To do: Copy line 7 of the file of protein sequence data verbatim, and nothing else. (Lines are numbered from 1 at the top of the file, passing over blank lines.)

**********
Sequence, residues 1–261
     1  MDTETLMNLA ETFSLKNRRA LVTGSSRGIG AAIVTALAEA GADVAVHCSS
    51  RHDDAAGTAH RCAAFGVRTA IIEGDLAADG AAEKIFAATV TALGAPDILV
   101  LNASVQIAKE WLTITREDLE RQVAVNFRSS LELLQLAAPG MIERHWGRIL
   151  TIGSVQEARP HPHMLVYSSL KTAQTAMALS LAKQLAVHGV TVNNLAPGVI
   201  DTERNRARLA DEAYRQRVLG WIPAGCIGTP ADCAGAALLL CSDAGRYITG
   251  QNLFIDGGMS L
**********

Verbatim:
   251  QNLFIDGGMS L